Earlier this week, Kenya’s president Uhuru Kenyatta approved new bills into law. The signing ceremony which held at the State House, saw the leader enact The Urban Areas and Cities (Amendment) Bill 2017, The Petroleum Bill 2017 and the Energy Bill 2017.
The new energy law establishes three national entities to manage and regulate Kenya’s energy resources. These include the Energy and Petroleum Regulatory Authority (EPRA), the Rural Electrification and Renewable Energy Corporation (REREC) and the Nuclear Power and Energy Agency (NPEA).
EPRA has the objective of regulating the electrical energy value chain from generation to its supply and use with the exception of the licensing of nuclear facilities. The agency will regulate the petroleum ecosystem as well as the sale of petroleum products except for crude oil. It is also tasked to manage the production cycle and the use of renewable energy.
The rural electrification agency will oversee the implementation of the Rural Electrification Programme, manage the Rural Electrification Programme Fund and source for additional funds for the programme and renewable energy.
While the nuclear power agency will propose policies and legislation for the successful implementation of a nuclear power programme and also undertake extensive public education on the country’s nuclear power programme.
Petroleum operations and revenue sharing
The new petroleum law provides a framework for contracting, exploring, developing and producing the commodity. It will also be used to formulate national petroleum policy for operations as well as a reference point in the establishment of petroleum institutions.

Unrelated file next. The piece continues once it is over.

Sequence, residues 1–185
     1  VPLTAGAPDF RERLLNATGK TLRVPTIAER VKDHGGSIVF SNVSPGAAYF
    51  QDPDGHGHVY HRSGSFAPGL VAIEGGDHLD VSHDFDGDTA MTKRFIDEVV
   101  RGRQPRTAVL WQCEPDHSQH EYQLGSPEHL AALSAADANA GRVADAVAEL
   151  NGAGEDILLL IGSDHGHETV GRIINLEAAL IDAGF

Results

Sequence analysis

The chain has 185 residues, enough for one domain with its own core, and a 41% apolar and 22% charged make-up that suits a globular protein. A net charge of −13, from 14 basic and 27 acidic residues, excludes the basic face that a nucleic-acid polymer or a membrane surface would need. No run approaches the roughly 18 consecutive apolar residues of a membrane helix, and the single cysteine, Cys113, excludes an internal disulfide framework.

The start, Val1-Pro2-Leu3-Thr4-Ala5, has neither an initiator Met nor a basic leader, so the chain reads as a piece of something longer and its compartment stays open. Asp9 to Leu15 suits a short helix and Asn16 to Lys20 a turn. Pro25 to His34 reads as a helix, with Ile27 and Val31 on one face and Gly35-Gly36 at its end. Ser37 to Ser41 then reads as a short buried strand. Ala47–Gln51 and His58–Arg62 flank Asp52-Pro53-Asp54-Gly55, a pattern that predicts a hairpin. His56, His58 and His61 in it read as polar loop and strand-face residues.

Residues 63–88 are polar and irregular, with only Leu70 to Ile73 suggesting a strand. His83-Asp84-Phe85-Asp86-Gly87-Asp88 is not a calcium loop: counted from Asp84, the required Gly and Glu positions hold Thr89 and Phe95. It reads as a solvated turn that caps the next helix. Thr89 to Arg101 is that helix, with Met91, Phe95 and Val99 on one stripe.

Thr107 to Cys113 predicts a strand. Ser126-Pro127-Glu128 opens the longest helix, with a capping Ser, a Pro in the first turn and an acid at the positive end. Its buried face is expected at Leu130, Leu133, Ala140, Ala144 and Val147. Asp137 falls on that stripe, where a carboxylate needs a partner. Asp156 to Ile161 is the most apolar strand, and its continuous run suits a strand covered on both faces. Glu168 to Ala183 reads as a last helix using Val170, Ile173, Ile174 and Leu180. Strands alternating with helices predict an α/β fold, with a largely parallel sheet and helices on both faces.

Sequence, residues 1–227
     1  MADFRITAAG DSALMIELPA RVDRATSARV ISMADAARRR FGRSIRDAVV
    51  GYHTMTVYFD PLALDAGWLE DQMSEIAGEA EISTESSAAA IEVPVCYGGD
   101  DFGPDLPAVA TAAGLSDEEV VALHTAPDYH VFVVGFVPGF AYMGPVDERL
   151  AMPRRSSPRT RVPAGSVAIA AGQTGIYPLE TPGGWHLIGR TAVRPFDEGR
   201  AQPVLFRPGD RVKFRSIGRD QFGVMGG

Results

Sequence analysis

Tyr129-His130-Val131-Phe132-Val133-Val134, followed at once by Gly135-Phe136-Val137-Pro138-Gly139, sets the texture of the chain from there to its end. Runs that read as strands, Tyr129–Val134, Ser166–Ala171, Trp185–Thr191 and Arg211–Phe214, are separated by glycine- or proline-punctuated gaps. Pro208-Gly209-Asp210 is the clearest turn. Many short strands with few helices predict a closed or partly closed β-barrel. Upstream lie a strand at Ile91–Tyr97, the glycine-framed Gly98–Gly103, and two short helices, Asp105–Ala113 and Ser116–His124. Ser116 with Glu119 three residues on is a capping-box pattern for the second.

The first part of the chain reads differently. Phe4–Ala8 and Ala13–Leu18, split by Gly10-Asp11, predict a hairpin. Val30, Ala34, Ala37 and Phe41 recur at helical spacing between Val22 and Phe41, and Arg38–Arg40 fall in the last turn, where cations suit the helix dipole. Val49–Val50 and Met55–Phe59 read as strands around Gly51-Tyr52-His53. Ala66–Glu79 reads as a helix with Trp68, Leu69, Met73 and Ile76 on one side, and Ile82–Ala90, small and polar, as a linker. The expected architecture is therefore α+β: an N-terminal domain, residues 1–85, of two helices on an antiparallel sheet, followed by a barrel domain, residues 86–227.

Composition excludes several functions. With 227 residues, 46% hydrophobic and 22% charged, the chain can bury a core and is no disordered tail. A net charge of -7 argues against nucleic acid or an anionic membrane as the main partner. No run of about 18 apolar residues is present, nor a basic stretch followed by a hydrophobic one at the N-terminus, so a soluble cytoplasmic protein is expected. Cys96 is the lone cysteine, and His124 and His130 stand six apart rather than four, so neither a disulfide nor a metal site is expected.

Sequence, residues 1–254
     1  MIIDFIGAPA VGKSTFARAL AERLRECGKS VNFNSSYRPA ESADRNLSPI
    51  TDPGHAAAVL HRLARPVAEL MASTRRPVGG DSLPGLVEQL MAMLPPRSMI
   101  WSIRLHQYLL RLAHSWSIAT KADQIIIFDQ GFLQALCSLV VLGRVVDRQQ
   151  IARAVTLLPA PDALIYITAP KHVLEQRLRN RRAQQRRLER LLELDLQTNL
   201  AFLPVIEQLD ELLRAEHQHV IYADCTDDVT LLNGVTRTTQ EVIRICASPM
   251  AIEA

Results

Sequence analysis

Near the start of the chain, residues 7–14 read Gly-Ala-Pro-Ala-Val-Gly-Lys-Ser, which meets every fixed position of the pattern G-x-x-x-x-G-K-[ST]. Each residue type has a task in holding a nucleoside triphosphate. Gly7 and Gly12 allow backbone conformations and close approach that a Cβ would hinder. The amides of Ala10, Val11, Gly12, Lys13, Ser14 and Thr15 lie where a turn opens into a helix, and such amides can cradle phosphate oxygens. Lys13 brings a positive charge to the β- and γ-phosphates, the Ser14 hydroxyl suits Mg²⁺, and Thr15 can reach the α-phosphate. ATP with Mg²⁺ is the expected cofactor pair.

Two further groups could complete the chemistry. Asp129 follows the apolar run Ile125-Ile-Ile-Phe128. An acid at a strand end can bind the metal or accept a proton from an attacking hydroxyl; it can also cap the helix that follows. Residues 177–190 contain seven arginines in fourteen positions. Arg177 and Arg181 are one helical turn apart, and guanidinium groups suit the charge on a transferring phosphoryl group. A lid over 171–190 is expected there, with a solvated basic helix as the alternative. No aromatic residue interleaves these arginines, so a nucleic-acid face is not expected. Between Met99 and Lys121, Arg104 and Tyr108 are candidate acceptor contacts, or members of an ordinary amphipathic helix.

Under the new law, the national government, county governments and communities are to receive a fair share of the revenue from petroleum operations. Counties will receive 20 percent of the national government’s share while communities will get five percent of the same share.
More so, parliament is tasked with reviewing the percentages within 10 years, while considering any necessary adjustments.
Urban settlement amends
Amendments to the Urban Areas and Cities Amendment enable county governments to review the criteria for classifying an area as a city, municipality, town or market centre.
The new law proposes the establishment of boards to govern and manage cities and municipalities, and details the requirements of appointment to manage the boards.
Under the law, the population for a city has been reduced by half, from 500,000 to 250,000. Also, it permits a county to declare an urban area a municipality if it has a resident population of at least 50,000. While an area will be declared a town if it has a population of at least 10,000 residents and a market centre will require a population of at least 2,000.